We enjoy a relaxing morning with coffee, oatmeal and the colorful leaves all around us. On a gentle incline we walk towards the ridge. It's another easy, well-graded path. The kind I could walk forever and never need anything else in the world. But then we reach a junction and begin our journey on the Crest Trail through the Manzano range.
We turn left and shit gets real. Without wasting any time the path is overgrown and reaching out to grab our legs. On the up side, only some of the plants have thorns. The rest is scrub oak, just scratchy and mildly painful.
I wonder if the whole day will be like this. I left behind my hiking pants in favor of shorts and am questioning if this was the right decision. I guess eventually I'll get used to walking through constant shrubs tearing at my skin. But no,
I don't want to. I put on my rain pants at the top when it gets extra windy and feel like a super hero when I walk through the bushes pain-free.
The ridge turns out to be amazing. The wind keeps howling and roaring just to keep things dramatic and the shrubs die down. It's just us and the yellow grass and many rocks underfoot. We lose the trail and find it again many times over, always walking between cairns. It feels like a puzzle and exercises the part of my brain that loves to solve problems. Eventually we descend and it gets way too hot so I walk in my shorts letting the branches scratch at my legs. Being too hot in my rain pants, they stick to my legs and it limits my range of motion. Shorts are the only option. So my legs begin to bleed at all the scratchy shrubs.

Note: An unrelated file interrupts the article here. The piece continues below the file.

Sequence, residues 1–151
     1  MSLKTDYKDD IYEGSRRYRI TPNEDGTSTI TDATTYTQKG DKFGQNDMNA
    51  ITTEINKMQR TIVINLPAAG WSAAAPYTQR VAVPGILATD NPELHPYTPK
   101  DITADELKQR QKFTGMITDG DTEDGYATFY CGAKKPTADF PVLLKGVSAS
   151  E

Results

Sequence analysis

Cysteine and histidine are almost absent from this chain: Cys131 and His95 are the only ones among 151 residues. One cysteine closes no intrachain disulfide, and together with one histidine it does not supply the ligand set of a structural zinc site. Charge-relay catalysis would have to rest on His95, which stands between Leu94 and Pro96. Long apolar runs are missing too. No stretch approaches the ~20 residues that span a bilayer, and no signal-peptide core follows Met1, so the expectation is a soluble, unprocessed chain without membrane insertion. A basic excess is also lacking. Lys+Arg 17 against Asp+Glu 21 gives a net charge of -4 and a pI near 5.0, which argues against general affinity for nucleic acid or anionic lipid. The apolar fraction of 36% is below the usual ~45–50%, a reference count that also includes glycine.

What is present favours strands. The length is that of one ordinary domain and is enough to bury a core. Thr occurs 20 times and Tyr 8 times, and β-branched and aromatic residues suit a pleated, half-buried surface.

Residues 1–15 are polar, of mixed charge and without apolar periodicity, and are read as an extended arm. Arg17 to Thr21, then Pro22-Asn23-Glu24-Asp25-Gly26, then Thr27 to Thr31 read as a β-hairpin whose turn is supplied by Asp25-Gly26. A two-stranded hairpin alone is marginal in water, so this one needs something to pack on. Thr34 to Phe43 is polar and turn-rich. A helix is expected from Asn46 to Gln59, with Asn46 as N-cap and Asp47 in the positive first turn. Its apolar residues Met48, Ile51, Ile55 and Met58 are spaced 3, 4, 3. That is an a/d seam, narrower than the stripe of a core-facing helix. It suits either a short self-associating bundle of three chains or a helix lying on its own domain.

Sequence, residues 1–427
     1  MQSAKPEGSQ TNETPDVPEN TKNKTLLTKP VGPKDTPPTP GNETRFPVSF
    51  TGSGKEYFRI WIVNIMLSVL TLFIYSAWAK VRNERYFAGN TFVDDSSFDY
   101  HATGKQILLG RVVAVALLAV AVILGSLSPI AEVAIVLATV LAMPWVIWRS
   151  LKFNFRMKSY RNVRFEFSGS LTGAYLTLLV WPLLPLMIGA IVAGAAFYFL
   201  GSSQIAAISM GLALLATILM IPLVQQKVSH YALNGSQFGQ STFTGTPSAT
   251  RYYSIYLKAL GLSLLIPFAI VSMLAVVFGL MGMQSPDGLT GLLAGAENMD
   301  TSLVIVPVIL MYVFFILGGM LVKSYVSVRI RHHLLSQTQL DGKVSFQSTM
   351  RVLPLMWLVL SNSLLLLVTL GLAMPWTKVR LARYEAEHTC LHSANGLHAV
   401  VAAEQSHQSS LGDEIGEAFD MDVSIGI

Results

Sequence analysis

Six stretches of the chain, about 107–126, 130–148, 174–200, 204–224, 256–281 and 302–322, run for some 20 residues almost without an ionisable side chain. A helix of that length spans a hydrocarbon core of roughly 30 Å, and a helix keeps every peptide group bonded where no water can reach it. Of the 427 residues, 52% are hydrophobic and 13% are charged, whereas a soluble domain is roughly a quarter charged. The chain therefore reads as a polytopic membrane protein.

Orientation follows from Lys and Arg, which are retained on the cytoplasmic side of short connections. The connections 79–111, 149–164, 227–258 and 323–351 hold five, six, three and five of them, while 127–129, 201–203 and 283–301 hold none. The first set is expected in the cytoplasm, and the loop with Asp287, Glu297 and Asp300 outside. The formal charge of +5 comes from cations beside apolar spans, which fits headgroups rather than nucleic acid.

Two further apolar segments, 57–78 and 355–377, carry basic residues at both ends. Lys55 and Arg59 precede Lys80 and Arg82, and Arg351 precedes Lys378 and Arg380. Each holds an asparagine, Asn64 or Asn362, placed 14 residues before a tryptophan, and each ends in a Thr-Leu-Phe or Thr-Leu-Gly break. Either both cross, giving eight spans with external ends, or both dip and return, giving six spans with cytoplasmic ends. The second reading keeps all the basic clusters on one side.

At lunch time we stop to look for water. It's 'a short bushwhack', says the map. 'Avoid thickets at all costs' says the map. Easier said than done. We traipse for about an hour through the throned bushes and never find the water source. And we can't cook lunch until we get more water.
Mud says we could have found it if we kept looking. But there's a campground one mile up the trail and we decide to test our luck.
And so ensues the all-time low point of the day. The next mile is straight uphill. Straight. Up. My stomach roars of hunger and I shove a Luna Bar in my mouth between gasps for air, just to try and stave off the bad mood of low blood sugar. Finally we crest the top of the mountain and wander toward the campground. No faucets, but there is someone camped there with twelve jugs of water just sitting out. We call out and hear no answer, so just fill up on water and go eat lunch. Thank you! We say, to no one.
It becomes clear now that with all the water finding and losing of the trail that our pace is closer to 2 than 3 mph and may cost us an extra day before our next resupply. It's that kind of trail.
And so continues the climb through thickets. There are no places left on my legs that have not been scratched, so the new scratches are all on top of old scratches which makes it extra painful. We reach the top and climb down, losing the trail again and scrambling over fallen trees on an exposed mountainside.
After another trek off-trail to find water, we set up camp in a protected grove of trees. Our search for waternthis evening is simple
consuming, as the spring drips at a rate of 1 liter every 1 minutes. Mud stays behind to fill the rest of our bottles while I go back to camp and set up the tent.
Inside the tent,
I eat dinner and count the remaining food in my bag. Mud gives me two of his bars and with this, I think I'll make it. We fall asleep to the wind howling over the ridge and temperatures dropping to almost freezing.
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